Fields of Light and Stone excavates the relationships between Schellenberg’s Mennonite grandparents, drawing on source material including correspondence, family folklore, and two unpublished memoirs. “Love Letters, 1944-45” intersperses lyric poetry with parts that draw on letters sent between her maternal grandparents. The latter is rendered as dialogue, with one speaker on the left of the page and the other on the right. The free-verse conversation recreates the delays, disjunctions, and hidden meanings typical of such correspondence: “I anew / give you all my love. // Mr. Wiens’ sermons were very good.”
The book moves among various styles and source materials as through sheaves of distinct documents. It resembles not so much a stack of marginalia-covered archival records typical of the postmodernist Prairies as a more tightly stylized dossier. The third section introduces Schellenberg’s paternal grandparents, Elsa Friesen Falk and Bernhard David Falk, drawing on the history of a group that settled in the Russian Empire as far back as the eighteenth century and was forced out in the early twentieth. The beginning of “Generations”—“1586: as far back / as the Mennonite database / can take me”—nods to the online resources that would have assisted Schellenberg’s navigation of print materials.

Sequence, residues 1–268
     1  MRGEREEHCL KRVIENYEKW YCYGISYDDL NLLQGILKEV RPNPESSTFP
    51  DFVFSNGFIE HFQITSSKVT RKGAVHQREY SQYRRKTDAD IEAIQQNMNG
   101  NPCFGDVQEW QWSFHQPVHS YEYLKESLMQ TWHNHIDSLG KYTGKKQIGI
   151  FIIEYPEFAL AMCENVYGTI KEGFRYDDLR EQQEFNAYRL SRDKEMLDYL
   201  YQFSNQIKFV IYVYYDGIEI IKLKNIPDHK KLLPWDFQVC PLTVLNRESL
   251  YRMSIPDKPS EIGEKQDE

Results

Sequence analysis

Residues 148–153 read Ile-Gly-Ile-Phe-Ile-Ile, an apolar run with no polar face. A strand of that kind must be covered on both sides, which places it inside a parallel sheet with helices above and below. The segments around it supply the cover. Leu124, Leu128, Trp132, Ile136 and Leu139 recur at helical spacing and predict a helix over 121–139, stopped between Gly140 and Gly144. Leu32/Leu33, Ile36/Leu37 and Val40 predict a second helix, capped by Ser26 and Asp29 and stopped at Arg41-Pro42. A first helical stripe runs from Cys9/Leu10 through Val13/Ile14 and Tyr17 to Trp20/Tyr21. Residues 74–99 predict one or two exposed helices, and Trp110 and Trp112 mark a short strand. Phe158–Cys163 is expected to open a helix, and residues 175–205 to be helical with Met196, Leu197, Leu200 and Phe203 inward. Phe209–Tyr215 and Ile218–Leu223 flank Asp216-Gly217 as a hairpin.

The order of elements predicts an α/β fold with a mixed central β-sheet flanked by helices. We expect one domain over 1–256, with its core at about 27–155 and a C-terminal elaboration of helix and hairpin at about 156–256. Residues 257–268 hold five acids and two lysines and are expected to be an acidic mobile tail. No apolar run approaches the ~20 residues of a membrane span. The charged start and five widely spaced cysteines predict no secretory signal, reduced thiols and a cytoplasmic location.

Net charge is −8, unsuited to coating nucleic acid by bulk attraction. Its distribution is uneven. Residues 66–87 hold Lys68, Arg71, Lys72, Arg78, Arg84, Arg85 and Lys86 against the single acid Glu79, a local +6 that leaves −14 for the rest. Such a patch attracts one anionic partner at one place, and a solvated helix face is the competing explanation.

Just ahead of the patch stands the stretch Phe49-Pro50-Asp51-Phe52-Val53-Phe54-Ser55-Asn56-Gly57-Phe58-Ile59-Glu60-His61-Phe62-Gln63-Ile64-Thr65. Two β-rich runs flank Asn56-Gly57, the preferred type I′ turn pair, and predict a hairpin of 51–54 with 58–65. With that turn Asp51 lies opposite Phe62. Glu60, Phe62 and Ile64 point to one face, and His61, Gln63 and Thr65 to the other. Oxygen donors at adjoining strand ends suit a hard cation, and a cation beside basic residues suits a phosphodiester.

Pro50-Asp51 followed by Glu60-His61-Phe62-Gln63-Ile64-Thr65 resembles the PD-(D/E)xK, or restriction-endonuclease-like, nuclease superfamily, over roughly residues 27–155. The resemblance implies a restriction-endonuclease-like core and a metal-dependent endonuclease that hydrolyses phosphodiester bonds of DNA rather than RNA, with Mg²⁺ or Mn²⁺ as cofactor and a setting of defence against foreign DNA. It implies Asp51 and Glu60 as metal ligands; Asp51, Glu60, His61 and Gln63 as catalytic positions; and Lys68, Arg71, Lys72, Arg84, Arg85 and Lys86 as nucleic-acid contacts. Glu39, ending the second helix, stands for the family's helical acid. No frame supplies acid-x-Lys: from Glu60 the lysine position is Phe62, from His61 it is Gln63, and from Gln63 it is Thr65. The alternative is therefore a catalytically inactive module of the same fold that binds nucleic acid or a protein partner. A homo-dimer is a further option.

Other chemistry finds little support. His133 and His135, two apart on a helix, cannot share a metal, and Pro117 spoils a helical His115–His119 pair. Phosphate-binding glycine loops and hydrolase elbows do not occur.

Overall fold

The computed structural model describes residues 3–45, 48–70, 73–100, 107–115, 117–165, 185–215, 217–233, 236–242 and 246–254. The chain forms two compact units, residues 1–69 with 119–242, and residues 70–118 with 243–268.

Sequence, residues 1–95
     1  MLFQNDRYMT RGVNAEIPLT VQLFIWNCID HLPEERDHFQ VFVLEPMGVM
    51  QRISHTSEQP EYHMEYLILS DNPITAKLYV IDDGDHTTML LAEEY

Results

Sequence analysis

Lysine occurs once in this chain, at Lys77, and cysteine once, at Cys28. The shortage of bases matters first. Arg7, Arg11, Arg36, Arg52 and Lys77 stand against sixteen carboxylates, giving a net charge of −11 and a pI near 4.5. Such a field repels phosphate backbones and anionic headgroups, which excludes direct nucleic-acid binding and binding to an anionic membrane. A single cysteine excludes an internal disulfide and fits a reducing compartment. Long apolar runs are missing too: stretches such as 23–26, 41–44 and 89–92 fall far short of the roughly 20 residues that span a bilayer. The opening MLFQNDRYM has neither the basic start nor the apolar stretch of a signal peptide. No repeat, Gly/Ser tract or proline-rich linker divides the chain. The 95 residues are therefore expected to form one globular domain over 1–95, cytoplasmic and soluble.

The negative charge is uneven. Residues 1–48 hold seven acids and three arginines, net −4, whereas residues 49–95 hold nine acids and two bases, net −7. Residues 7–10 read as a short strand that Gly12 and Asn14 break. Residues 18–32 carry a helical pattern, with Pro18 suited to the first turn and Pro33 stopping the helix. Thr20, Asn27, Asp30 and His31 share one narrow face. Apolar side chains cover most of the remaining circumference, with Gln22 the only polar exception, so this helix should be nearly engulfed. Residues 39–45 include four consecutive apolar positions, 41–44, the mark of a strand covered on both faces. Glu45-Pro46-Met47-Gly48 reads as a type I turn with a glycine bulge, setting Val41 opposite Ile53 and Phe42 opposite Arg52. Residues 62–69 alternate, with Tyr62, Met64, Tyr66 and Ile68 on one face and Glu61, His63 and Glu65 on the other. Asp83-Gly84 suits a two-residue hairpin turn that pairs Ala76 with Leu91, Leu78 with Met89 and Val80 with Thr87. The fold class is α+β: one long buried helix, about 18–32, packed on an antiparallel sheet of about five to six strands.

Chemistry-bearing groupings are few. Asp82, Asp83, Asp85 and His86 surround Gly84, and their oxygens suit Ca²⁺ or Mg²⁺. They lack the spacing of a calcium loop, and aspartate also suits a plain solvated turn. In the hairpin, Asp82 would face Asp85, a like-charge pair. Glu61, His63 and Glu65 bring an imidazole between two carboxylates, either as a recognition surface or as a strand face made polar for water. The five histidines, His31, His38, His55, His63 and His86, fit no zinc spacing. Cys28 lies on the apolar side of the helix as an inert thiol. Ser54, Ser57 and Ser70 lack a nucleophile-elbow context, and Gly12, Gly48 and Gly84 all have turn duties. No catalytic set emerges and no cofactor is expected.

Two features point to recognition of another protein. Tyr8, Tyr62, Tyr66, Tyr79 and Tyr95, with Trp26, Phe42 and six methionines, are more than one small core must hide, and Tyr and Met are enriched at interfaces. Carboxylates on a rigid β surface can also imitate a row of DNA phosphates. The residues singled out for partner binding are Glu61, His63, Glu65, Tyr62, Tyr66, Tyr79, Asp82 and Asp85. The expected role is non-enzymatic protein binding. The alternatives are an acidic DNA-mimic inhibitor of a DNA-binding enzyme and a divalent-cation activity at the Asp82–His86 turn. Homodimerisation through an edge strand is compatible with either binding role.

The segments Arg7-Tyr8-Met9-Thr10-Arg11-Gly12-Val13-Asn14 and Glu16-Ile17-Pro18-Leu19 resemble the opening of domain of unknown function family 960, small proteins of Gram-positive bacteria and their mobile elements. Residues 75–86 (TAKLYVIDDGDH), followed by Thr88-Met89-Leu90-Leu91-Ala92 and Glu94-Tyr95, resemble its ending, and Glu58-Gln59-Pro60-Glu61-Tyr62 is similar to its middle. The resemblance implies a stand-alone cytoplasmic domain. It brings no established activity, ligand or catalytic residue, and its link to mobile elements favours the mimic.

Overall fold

Here, too, languages are gained and lost amid intergenerational hardship:
In Arkadak’s crowded market,
vendors yelled what sounds like yablooka (apples!)
and duraki (you fools!)—Russian words Opa passed me
like forbidden fruit.
Russian vocabulary evokes the history of a Mennonite family driven to participate in Canada’s settler-colonial project because of—ironically—the violence of a quasi-colonial regime. “Plans to Prosper” adds contours to the family’s escape from Ukraine (“they have ten overcoats: they / are rich”), depicting a transcontinental mosaic of interlocking hypocrisies and oppressions with images of “[a] horse-drawn sleigh to another station—a rented room in a / former dacha of the wealthy— // Canada.”
“Winnipeg Free Press Passages” is a quasi-erasure poem in which the text of Bernhard Falk’s obituary is alternately bolded or struck through. The technique makes disjunctive lyric (“After / Health / our / evening March”) out of comparatively obscure details, one of which is a request that donations be made to “Gospel Outreach Ministry to Ukraine.” The final proper noun speaks to the dysphoria faced by those whose cultural or familial stories have been defined by recurrent or consistent upheaval—there’s arguably a contradiction in longing for an alien land to which one’s ancestors fled only to be subsequently ejected in the space of a few branches of the family tree. But is this so different from the way Pennock’s present-minded self-exploration ends by reaching toward a language many must learn even as some part of their intergenerational selves remains at home there? It makes little sense, so to speak, except for the affirmation—from the closing pages of Bones—that “[w]e tell stories / That is what we do[.]”